Carl Philippe Emmanuel Bach wrote of the Six Sonatas for Harpsichord and Violin as “these are the best works by my beloved father. They sound excellent and still give me much pleasure, even through over 50 years have passed.” Almost 300 years have passed now and they still give one of the most exquisite musical pleasure one can ever think of.
These sonatas are collected into a unit of six (BWV1014-1019), like all Bach’s instrumental chamber works and were composed in Cöthen, probably around 1719-20 . They are part of a large set of sonatas and partitas written for many instruments (Sonatas and Partitas for violin, the English Suites, Partitas for harpsichord, Cello Suites). Their standard structure, like all sonatas, follows the pattern slow-fast-slow-fast in tempo (the last sonata though offers an interesting exception to the rule).
The Genius of Bach appears clearly in his sonatas and partitas given the limited set of instruments. He could even make the violin sound like a harpsichord in the 3rd sonata for solo violin (related post : here)! These pieces are extremely rich musically, which amazes experts since centuries, but more importantly they are exceptionally deep, emotionally gripping and overwhelmingly touching. In particular the largo and adagio movements and this is accessible to anyone who lends an ear.
David Oistrakh with Lev Oborin (piano), 1952. Largo Movement.
A notable fact about these sonatas is the importance given to the harpsichord, as stated in :
Generally speaking, in all sonatas defined as “for harpsichord and …”, the harpsichord is dominant; this does not amaze, because Bach was the first great composer to give the keyboard instrument a solo part, where the piece is for more than one instrument (the 5th Brandenburg Concerto is the solo-keyboard christening in an orchestral work). Up to then, the harpsichord had been used only as a “complementary” instrument, leading the rhythmical part of the bass or accompanying (through simple chords) another instrument which led the melodic part. There are a lot of examples for it in Bach’s sonatas for Flute (violin) and figured bass.
I have chosen to start this series with the fifth sonata as it is my favorite one for the moment. The first movement is a wonderful parable of life. The harpsichord plays a continuous and beautiful tune giving the impression of lightness, happiness and consistency .. when suddenly the violin pulls out a deep sorrow from the inner self and then vanishes, leaving the harpsichord alone. The sun is back after a cloudy moment. The illusion lasts but few seconds when the sorrow comes back again and again. It symbolizes so well a tormented soul or mind.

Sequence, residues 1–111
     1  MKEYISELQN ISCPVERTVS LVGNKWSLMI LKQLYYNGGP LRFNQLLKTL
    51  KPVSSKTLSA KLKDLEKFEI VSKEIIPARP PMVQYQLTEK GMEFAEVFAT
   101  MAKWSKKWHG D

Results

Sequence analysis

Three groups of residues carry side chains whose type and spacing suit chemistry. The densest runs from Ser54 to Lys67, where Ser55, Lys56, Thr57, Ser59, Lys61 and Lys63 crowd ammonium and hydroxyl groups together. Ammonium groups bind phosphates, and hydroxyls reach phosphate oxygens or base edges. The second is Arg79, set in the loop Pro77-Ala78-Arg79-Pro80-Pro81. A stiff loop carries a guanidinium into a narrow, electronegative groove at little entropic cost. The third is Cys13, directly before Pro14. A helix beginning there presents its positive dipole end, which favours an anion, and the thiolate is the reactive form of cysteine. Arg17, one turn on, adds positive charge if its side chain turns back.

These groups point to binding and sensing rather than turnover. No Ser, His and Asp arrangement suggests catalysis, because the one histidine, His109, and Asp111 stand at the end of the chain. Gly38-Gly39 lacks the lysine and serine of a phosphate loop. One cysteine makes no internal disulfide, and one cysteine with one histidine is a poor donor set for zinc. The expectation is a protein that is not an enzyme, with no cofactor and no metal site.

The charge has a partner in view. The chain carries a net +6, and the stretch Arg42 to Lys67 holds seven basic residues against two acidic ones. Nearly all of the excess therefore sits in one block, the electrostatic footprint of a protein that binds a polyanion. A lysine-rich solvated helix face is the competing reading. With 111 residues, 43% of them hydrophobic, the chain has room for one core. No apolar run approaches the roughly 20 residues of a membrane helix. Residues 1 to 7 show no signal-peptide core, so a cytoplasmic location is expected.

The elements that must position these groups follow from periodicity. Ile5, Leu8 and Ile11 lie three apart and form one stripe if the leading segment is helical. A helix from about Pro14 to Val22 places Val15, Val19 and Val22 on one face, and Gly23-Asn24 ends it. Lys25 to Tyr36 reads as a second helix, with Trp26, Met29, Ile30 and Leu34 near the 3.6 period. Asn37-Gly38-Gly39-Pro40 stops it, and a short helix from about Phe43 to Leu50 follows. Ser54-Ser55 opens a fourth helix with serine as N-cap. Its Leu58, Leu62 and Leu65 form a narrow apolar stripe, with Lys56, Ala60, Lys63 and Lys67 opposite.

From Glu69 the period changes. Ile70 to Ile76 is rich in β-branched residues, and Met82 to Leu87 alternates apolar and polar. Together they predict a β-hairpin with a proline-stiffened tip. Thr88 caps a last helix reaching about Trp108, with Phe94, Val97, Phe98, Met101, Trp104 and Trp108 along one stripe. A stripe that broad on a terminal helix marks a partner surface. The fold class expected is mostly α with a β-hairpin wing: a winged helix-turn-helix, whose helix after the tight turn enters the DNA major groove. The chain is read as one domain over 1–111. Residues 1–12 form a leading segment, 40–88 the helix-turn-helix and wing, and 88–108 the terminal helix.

As for the roles of the violin and the harpsichord, ref. says:
Up to now, in the sonatas one can notice the exact equivalence between the part of the harpsichord and that of the violin, even if the former is often working twice, having to lead two melodic lines! Well, the third movement, seemingly written in a preludio style, grants the keyboard a leading part and “relegates” the violin to a simple accompaniment. In opposition to the other one in a minor key, this sonata confers to its movements no official space to the major mode and the result is that it has a remarkable character of tender sadness; however the third movement, although starting in C minor, turns unexpectedly into A flat major right at the end, giving some instants of relief, immediately annihilated by the difficult and uproaring fourth movement.
The complete sonata interpreted by Leonid Kogan and Karl Richter (harpsichord) is available here: